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Applicability of the Doctrine of Promissory Estoppel in India

For the purpose of maintaining a balance between the evolving freedom of individuals and state authority, the role of Administrative law becomes crucial as it has to evolve itself to suit the varied demands and expectations of individuals and their right and duties. Administrative law includes a number of principles which have been established by the court with the objective of making control over the exercise of power so that situation of abuse of power or arbitrariness not arises. Furthermore, such principles protect the interest of individuals against any abuse of power or misuse of power by any organ, agency, and instrumentalities of the State.

The Doctrine of Promissory Estoppel is basically an equitable doctrine. The Doctrine of Promissory Estoppel means where one party by his words or conduct made to the other a clear promise which is intended to create legal relations or even affect a legal relationship to arise in the future, knowing or intending that it would be acted upon by the other party to whom the promise is made, and it is fact so acted upon by the other party, the promise would be binding on the party making it and he would not be entitled to go back upon it, if it would be inequitable to allow him to do so. It clearly means that administrative action would be marked by certainty, predictability and consistency.

In Gujarat State Financial Corp. v Lotus Hotels (AIR 1983 SC 848) it was held by the Supreme Court that the writ of mandamus can be issued against the government or its instrumentalities for the enforcement of contractual obligation because here, the doctrine of promissory estoppel is applicable to against the government. Here, the lotus hotels entered into the contract with the State Financial Corporation of Gujarat for a loan for the purpose of construction of a hotel. On this agreed promise, the petitioner took certain loans and thus incurred liabilities. Furthermore, the loan was refused on the basis of acting of two pseudonymous letters attacking the character of the proprietors of loan which was already sanctioned.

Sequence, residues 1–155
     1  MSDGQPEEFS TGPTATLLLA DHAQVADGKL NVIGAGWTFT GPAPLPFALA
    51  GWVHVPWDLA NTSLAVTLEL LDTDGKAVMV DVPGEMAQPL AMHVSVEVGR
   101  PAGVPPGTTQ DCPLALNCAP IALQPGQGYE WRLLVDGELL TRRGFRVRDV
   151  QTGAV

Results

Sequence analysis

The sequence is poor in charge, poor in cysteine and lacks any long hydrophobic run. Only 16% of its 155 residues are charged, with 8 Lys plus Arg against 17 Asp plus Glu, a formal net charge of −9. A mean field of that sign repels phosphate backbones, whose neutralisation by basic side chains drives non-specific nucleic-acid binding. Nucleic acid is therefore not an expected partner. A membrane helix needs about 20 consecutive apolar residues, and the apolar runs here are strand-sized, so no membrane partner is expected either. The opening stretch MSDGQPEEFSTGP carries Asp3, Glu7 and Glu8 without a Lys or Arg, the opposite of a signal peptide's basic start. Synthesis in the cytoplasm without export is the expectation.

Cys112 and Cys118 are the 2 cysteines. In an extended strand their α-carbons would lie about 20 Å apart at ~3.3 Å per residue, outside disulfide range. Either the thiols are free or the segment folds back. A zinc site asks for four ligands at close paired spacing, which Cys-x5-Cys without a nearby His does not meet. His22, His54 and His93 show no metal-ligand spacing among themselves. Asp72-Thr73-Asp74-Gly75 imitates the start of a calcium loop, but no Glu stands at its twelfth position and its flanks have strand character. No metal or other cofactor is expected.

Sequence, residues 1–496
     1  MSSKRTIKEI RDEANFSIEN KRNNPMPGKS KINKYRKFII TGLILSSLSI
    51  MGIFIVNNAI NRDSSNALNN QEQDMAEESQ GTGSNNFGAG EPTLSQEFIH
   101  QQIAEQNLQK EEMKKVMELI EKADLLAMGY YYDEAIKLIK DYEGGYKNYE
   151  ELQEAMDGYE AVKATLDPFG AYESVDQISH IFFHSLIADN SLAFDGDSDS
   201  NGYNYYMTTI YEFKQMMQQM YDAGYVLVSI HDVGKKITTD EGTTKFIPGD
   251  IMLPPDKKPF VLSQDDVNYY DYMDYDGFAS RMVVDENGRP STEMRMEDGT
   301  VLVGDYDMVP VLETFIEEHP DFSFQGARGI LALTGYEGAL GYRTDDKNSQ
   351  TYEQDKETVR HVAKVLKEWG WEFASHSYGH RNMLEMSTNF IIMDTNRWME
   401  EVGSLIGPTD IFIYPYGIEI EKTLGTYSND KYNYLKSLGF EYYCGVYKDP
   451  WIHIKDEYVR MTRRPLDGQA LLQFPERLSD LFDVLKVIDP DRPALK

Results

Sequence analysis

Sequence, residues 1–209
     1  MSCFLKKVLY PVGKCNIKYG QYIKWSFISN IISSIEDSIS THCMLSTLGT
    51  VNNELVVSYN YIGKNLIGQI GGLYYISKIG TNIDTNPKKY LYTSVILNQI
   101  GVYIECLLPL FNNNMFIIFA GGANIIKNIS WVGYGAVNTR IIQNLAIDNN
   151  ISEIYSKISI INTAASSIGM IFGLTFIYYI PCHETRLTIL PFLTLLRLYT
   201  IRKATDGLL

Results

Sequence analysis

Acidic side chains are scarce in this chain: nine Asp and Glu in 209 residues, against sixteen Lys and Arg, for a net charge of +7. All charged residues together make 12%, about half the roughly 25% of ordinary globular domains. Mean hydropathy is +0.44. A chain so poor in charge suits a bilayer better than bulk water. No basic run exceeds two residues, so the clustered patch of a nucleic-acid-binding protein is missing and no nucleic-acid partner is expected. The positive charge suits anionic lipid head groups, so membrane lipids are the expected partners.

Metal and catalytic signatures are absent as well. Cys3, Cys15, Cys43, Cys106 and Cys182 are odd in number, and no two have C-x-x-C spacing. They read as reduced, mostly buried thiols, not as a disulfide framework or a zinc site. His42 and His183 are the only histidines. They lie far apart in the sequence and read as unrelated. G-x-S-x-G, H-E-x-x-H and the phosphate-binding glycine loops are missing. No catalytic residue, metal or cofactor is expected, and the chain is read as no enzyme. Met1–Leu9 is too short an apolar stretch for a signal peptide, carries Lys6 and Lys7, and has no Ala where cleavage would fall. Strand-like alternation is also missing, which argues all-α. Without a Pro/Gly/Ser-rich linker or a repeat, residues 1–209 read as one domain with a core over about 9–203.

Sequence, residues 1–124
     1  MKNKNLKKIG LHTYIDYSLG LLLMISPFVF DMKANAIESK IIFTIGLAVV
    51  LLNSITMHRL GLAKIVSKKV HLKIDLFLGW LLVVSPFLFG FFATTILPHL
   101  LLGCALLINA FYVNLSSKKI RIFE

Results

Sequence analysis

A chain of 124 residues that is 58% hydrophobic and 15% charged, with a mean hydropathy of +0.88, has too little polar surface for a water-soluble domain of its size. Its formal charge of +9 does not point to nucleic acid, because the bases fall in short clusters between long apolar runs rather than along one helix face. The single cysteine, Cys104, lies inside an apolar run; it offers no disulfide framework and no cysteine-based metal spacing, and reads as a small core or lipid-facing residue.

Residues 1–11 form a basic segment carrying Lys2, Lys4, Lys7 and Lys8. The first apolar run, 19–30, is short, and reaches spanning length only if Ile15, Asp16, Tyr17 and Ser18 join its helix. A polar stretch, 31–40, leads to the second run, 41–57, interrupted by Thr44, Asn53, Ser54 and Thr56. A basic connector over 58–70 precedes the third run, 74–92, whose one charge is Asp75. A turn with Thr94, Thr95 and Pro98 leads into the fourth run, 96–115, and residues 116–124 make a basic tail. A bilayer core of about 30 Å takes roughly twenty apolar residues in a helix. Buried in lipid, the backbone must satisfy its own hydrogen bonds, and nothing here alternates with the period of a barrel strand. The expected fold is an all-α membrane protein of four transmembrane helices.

Doctrine of Promissory Estoppel is based on obligation or equity and is not based on vested right. In equity, the court has to strike a balance between individuals’ right as well the interest of public. In Union of India v Ganesh Rice Mills (1998) 9 SCC 630, it was held by the court that the Finance Minister’s statement on the floor of the House did not meant a promise or any form of representation to the assesse. Thus, in this case, the government is not estopped from recovering the disputed cess contrary to such statement.

Doctrine of Promissory Estoppel is available against the exercise of executive function of the State. In Express Newspapers Pvt. Ltd. Union of India (AIR 1986 SC 872), THE Doctrine of Promissory Estoppel was used to prevent the government for quashing the action of the Minister for approval of a lease as it was within the scope of his authority to grant such permission. This ultimately resulted in checking whether there is fraud on the exercise of power or not. Here, the Express Newspapers were given notices of re-entry upon forfeiture of lease of land granted to them on which the lessee has raised buildings for the purpose of printing and publishing the newspapers. Thus, it was held by the Supreme Court that the action had been politically motivated and there is clear violation of mala fide intention.

Following mentioned are some of the cases wherein the Doctrine of Promissory Estoppel is not applicable:

1) The administration is not bound to refrain from withdrawal of tax exemption or tax holiday

2) The administration is no bound to enact a proposed legislation.

3) The administration is not bound to refrain from performance of statutory duty or discretion.

4) The administration in not bound to create or abolish a civil post, making a change in the condition of service of persons employed in connection with the affairs of the State.

Following mentioned are the essential characteristics to make promise binding on the government:

1) The promise made by the State must be within the scope of law.

2) There must be pure intention to enter into a legal relationship.

3) The other party must act accordance of the promise or will be forbidden to do anything.

In this modern era, the promise of Government to citizens or for that matter even the non-citizens is of great importance especially in case where the government enters into a promise for a contractual or a business transaction. It becomes quite important to protect the interests of citizens when such persons with their earnest money invests with the government and later receives dejection or cheating from the government, thereby not abiding by their promise. In such a situation, the individual’s investment becomes in a position of danger thereby leaving the person helpless. Thus, to deal with such a situation, the Doctrine of Promissory Estoppel came into function. The Indian Judiciary played a vital role in making the State responsible for its promise and further made accountable the State to abide by the promise so made.

Author Details: Yashika kapoor (Fairfield Institute Of Management And Technology)

The views of the author are personal only. (if any)

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